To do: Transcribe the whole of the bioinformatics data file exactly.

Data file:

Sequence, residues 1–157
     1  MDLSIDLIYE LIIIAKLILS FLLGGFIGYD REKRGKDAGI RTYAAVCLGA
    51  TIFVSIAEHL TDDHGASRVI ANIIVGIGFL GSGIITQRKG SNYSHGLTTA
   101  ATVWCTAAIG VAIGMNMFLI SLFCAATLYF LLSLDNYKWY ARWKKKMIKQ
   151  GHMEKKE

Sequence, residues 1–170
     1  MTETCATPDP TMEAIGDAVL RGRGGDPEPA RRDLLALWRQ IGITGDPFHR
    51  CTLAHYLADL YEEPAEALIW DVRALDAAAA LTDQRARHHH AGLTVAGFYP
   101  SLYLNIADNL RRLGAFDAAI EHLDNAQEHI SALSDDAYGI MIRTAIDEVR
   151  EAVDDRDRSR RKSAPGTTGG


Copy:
Sequence, residues 1–157
     1  MDLSIDLIYE LIIIAKLILS FLLGGFIGYD REKRGKDAGI RTYAAVCLGA
    51  TIFVSIAEHL TDDHGASRVI ANIIVGIGFL GSGIITQRKG SNYSHGLTTA
   101  ATVWCTAAIG VAIGMNMFLI SLFCAATLYF LLSLDNYKWY ARWKKKMIKQ
   151  GHMEKKE

Sequence, residues 1–170
     1  MTETCATPDP TMEAIGDAVL RGRGGDPEPA RRDLLALWRQ IGITGDPFHR
    51  CTLAHYLADL YEEPAEALIW DVRALDAAAA LTDQRARHHH AGLTVAGFYP
   101  SLYLNIADNL RRLGAFDAAI EHLDNAQEHI SALSDDAYGI MIRTAIDEVR
   151  EAVDDRDRSR RKSAPGTTGG